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TransCentury wants to be consulted in State bank sale

TransCentury’s chief executive, Ng’ang’a Njiinu. FILE PHOTO | NMG
TransCentury’s chief executive, Ng’ang’a Njiinu. FILE PHOTO | NMG 

Listed infrastructure firm TransCentury #ticker:TCL has said it expects to be consulted before the proposed merger of the Development Bank of Kenya (DBK) with five other State-owned institutions is effected, signalling possible hurdles ahead for the reorganisation plan announced last week.

TransCentury, whose shares are traded on the Nairobi Securities Exchange (NSE), owns 10.7 per cent of DBK.

Head of Public Service Joseph Kinyua last week announced a plan to merge DBK with the Kenya Industrial Estates, Uwezo Fund, Youth Enterprise Development Fund, Women Enterprise Development Fund and IDB Capital Limited to form a mega bank intended to eliminate overlapping roles.

TransCentury, which purchased the DBK stake in 2006, is one of two shareholders of the bank with the Industrial and Commercial Development Corporation (ICDC), a State corporation, holding the balance of 89.3 per cent.

The move to merge DBK with other State agencies could see TransCentury’s stake highly diluted and, if the firm decides against divesting, see them co-opted into a new entity that has a larger and more complicated ownership structure.

“The process is in the initial stages as you have read and we expect all stakeholders to be engaged at the appropriate time,” TransCentury’s chief executive, Ng’ang’a Njiinu, said in an email interview.

The decision to merge, dissolve or privatise State agencies was mooted in a parastatals reforms taskforce report released in 2013.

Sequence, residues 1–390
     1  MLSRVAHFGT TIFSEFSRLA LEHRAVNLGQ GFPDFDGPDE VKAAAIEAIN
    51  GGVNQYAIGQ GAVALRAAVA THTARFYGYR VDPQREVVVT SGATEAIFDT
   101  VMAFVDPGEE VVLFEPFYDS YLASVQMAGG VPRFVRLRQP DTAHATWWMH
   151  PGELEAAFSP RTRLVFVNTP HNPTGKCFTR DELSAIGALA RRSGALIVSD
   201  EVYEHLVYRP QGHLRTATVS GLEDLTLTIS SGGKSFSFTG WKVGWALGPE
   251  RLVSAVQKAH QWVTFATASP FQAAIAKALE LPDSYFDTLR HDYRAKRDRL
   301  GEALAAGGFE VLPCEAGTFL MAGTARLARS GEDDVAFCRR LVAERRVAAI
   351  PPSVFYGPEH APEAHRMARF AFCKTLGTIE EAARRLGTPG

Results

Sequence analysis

President Uhuru Kenyatta appointed the 10-man team to review operations of parastatals which are, in many cases, loss-making, cash-sapping and bloated entities.

DBK was to be privatised as per the taskforce report, alongside other State agencies such as Consolidated Bank of Kenya, the Kenya Meat Commission, and Chemelil Sugar.

“Following request by the Treasury, the process of updating detailed privatisation proposal finalised and submitted earlier (2009) has commenced,” the report states.

DBK has just two branches in the country, on Ngong Road and Loita Street in Nairobi. The bank deals in personal, business and institutional banking.

The parastatal reforms report describes DBK’s role as “releasing funds invested by ICDC for lending to industry and other enterprises; support the growth and stability of the financial markets.”

TransCentury, which has one director on the DBK board, says it will only decide whether to become a part-owner of the new mega bank once the government’s agenda becomes clearer.

“We cannot at this stage give a view as the process has just begun. As we get more colour on the structure we shall be in a better place to state a position,” said Mr Njiinu.

DBK posted a net profit of Sh61.7 million in the full year to December 2016, a 49.2 per cent drop from the Sh121.6 million it posted during a similar period the previous year.

The lender closed the year with total deposits, loans to customers and total assets of Sh7.8 billion, Sh8.7 billion and Sh16.4 billion respectively.

“Since DBK is having challenges meeting its short-term obligations, long-term measures to raise capital which include a rights issue and the sale of Finance House are being pursued,” Edward Ouko, the Auditor-General, said in his report on the lender.

DBK had hoped to raise Sh1 billion from the sale of its Loita Street headquarters and another Sh3 billion through the rights issue. The Business Daily’s attempts to get a comment from the bank’s management were unsuccessful.

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